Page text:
After making an oral argument before the U.S. Court of Appeals for the Fifth Circuit, most lawyers spend the ensuing months second-guessing their argument and wondering if they’ve answered the judges’ questions.
Yet, Houston solo Patrick Zummo hardly had time to worry about any of those things after arguing K ipp Flores Architects v. Hallmark Design Homes.
“The oral argument in the case was Tuesday morning, November the 5th. And we got the opinion by electronic notification on Thursday the 7th,” said Zummo, who represents plaintiff Kipp Flores Architects (KFA). “I did the oral argument. And then I went on to go to another city to do a deposition. And then, when I get back to the office, we get notice the court has ruled. I’ve never had a case decided that fast.”
Zummo was defending a $3.2 million architectural copyright infringement jury verdict on appeal before the Fifth Circuit.
According to a Sept. 21, 2012, verdict in Kipp Flores, a jury in a U.S. magistrate judge’s court in the Southern District of Texas largely found that defendant Hallmark Design Homes had infringed KFA’s copyright by using KFA’s residential home designs without permission. Jurors awarded KFA $3.2 million in damages. U.S. Magistrate Judge Frances Stacy signed a final order adjudging that Hallmark Design Homes had infringed on KFA’s designs on Oct. 4, 2012. Hallmark Design Homes appealed the verdict to the Fifth Circuit, which heard oral argument in the case this month.
And on Nov. 7, the Fifth Circuit issued a brief per curiam decision, affirming the judgment in the case.
“We have reviewed the briefs, the applicable law, and the pertinent portions of the record and have heard the arguments of counsel,” the decision noted. “The case was well tried by the magistrate judge sitting by consent. There is no error, and the judgment is affirmed.”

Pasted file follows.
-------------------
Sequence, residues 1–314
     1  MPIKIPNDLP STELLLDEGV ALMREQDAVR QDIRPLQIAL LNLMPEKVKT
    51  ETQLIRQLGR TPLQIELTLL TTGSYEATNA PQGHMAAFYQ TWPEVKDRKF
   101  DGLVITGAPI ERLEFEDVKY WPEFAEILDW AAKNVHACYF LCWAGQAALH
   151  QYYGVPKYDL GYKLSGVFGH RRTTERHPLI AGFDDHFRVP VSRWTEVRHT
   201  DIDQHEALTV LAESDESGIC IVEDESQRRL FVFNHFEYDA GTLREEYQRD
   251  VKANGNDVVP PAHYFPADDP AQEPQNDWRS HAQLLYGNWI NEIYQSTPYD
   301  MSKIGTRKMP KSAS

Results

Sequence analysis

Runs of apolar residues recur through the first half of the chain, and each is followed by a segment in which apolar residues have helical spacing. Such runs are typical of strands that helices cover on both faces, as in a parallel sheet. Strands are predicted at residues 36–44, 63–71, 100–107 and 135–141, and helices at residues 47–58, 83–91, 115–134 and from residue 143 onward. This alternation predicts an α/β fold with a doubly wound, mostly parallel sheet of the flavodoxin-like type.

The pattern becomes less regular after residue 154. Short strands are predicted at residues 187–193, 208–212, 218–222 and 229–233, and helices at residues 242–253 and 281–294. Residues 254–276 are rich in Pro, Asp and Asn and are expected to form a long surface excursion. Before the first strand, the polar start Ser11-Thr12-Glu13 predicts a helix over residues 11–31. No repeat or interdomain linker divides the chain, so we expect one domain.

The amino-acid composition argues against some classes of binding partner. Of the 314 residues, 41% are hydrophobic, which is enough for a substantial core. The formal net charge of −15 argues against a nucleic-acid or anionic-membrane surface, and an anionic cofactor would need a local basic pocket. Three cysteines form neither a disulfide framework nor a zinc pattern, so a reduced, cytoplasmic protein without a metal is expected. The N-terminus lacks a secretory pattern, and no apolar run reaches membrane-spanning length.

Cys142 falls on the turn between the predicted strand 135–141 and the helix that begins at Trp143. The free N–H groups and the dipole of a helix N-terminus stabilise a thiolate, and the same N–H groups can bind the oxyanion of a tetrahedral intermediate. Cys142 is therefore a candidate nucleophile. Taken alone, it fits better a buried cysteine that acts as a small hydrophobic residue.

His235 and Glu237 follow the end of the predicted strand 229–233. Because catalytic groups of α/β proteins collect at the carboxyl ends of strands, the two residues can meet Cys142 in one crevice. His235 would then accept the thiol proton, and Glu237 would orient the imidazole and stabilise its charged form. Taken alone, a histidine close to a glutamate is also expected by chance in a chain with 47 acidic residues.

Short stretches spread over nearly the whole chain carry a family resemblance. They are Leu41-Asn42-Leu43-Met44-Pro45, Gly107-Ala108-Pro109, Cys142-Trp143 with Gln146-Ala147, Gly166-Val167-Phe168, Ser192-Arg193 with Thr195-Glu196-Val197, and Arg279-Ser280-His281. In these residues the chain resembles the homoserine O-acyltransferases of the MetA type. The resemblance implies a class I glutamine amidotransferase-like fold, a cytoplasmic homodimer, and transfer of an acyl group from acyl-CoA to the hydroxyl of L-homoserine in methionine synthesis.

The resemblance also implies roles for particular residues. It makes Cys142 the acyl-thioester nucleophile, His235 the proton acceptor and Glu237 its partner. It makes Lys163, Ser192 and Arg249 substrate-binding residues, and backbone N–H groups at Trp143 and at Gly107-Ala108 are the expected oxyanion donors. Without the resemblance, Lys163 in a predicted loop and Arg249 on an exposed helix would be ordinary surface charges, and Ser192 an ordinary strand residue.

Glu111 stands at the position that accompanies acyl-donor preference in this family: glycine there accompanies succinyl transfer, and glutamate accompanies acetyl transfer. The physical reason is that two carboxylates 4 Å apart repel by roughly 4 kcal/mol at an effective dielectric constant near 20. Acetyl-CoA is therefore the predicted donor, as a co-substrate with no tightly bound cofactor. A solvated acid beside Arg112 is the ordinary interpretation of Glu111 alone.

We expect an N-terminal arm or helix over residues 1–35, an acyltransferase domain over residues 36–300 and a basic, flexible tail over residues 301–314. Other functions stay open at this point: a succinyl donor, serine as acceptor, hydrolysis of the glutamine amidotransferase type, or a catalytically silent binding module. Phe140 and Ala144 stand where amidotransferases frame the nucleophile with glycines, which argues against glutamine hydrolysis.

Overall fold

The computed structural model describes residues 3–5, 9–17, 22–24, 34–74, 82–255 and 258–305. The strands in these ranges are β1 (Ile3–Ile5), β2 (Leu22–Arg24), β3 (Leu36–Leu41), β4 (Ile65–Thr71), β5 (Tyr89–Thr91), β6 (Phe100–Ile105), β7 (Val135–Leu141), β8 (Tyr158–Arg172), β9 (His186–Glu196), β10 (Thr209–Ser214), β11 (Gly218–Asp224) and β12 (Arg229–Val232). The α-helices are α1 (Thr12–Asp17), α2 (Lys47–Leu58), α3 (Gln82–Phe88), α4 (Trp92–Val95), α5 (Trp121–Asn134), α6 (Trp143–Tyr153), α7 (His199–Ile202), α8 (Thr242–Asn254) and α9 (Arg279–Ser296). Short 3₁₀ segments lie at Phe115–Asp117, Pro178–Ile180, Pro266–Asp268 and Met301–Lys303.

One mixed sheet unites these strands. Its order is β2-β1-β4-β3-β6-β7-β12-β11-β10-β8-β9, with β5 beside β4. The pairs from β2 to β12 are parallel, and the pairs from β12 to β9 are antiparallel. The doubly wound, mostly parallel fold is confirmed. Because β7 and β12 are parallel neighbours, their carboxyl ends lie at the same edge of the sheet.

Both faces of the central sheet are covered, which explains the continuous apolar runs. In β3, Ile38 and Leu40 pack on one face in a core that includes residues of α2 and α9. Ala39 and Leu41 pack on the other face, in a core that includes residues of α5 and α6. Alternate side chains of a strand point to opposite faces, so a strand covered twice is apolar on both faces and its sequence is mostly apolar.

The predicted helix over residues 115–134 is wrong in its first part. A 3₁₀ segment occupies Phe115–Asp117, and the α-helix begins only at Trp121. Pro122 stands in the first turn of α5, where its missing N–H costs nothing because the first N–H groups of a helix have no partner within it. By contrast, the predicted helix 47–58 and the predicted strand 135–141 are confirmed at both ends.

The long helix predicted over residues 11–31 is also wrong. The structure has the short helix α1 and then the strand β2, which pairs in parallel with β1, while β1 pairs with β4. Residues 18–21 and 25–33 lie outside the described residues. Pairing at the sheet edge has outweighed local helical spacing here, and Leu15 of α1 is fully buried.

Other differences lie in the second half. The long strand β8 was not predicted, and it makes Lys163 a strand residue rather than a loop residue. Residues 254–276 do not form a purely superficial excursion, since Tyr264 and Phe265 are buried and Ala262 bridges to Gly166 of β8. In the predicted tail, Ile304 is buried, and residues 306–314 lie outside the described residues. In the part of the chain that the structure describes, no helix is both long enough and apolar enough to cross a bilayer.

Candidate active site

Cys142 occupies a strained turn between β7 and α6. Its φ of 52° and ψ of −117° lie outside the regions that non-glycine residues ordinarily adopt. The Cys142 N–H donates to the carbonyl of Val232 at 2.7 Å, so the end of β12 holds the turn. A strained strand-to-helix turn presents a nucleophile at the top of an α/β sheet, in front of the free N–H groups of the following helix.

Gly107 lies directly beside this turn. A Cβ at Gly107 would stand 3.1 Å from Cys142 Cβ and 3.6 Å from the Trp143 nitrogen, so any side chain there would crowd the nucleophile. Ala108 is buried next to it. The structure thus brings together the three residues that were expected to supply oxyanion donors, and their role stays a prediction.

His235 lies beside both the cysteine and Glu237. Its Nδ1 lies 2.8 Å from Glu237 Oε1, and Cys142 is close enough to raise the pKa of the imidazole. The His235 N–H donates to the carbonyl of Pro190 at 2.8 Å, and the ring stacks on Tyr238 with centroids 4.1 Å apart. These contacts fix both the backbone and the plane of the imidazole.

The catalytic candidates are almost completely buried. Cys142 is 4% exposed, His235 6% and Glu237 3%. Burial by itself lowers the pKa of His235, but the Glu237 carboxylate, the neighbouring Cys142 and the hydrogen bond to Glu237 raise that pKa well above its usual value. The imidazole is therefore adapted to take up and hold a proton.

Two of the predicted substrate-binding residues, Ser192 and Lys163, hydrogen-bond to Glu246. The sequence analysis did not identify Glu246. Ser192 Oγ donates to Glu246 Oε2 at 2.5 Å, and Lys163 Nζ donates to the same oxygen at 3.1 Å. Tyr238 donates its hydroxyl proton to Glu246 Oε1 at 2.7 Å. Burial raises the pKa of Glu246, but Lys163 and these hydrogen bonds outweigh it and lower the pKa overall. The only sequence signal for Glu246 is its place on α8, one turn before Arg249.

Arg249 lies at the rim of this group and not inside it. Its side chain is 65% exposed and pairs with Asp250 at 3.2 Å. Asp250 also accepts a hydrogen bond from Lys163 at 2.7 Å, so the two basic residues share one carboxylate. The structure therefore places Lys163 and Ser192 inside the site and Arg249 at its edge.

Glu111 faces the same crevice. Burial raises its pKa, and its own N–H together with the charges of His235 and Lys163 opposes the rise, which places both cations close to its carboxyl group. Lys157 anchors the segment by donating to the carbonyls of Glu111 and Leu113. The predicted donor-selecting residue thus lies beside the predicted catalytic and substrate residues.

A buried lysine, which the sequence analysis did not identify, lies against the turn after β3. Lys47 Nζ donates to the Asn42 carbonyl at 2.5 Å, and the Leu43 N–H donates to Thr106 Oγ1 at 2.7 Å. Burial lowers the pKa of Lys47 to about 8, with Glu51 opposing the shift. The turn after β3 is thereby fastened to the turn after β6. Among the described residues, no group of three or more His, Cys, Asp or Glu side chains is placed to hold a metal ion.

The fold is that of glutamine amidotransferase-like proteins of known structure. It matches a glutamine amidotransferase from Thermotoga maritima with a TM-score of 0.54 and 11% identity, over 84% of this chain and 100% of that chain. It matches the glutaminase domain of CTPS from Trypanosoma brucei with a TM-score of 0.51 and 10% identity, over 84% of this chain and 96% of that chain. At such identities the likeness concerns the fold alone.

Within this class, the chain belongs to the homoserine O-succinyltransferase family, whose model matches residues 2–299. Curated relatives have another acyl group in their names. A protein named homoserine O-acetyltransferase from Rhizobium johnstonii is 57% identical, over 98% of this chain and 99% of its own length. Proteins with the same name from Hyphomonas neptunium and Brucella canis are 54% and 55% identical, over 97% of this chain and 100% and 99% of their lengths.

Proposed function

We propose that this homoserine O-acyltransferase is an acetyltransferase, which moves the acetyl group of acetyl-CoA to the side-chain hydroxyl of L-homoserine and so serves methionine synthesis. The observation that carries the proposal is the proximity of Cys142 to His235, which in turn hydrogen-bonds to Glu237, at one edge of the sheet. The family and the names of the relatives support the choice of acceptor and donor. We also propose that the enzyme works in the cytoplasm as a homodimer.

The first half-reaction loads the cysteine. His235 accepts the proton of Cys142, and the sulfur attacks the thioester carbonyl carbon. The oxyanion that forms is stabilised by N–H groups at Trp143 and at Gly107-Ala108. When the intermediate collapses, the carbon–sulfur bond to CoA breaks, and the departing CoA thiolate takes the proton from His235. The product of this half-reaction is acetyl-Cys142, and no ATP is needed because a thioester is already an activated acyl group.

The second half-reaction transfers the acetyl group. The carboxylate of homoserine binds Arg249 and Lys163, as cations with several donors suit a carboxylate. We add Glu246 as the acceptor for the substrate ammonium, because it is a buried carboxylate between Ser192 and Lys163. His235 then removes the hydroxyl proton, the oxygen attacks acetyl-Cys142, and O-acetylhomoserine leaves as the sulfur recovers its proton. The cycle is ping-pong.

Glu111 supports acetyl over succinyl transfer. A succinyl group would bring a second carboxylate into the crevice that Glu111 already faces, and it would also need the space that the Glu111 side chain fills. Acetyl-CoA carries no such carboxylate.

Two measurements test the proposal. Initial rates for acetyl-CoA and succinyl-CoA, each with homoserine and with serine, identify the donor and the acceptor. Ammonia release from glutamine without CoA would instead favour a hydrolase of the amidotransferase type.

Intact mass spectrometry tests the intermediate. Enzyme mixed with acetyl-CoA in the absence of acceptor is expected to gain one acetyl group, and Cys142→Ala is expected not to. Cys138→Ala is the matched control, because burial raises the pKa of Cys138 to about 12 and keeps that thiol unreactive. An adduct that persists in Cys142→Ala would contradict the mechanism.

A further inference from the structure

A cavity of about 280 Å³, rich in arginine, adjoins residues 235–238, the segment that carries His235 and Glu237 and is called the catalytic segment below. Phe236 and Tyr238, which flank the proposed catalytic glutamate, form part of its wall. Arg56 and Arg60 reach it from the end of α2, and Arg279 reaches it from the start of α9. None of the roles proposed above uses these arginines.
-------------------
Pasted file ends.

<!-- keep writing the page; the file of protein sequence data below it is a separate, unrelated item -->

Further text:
“They made two arguments on appeal. First, they said we did not give the jury evidence of what the defendants had built. But, in fact, the jury did have plans” for each of these houses “straight out of the defendants’ files,” Zummo said of his argument before the Fifth Circuit.
“They also made the argument that we had not properly put on evidence of what the defendant’s profits were,” he says. But he said his client based its damages on, and the jury had, “a ledger the defendants had that showed each house that was built and what they sold for,” noting that he provided the Fifth Circuit panel with copies of the evidence presented to the jury.
Zummo believes that providing that evidence to the 5th Circuit helped the appellate judges make up their minds quickly.
“And maybe they thought there was an interesting legal issue and they resolved that before we got there,” Zummo says. “But I don’t know how to speculate anything else.”
R. Brent Cooper, a partner in Dallas’ Cooper & Scully who represents Hallmark Design Homes on appeal, is disappointed in the Fifth Circuit’s decision.
“The question was whether [the plaintiff] had met their burden under the Copyright Act,” Cooper said. “And, fortunately, these issues are still unresolved because the Fifth Circuit chose not to write on them.”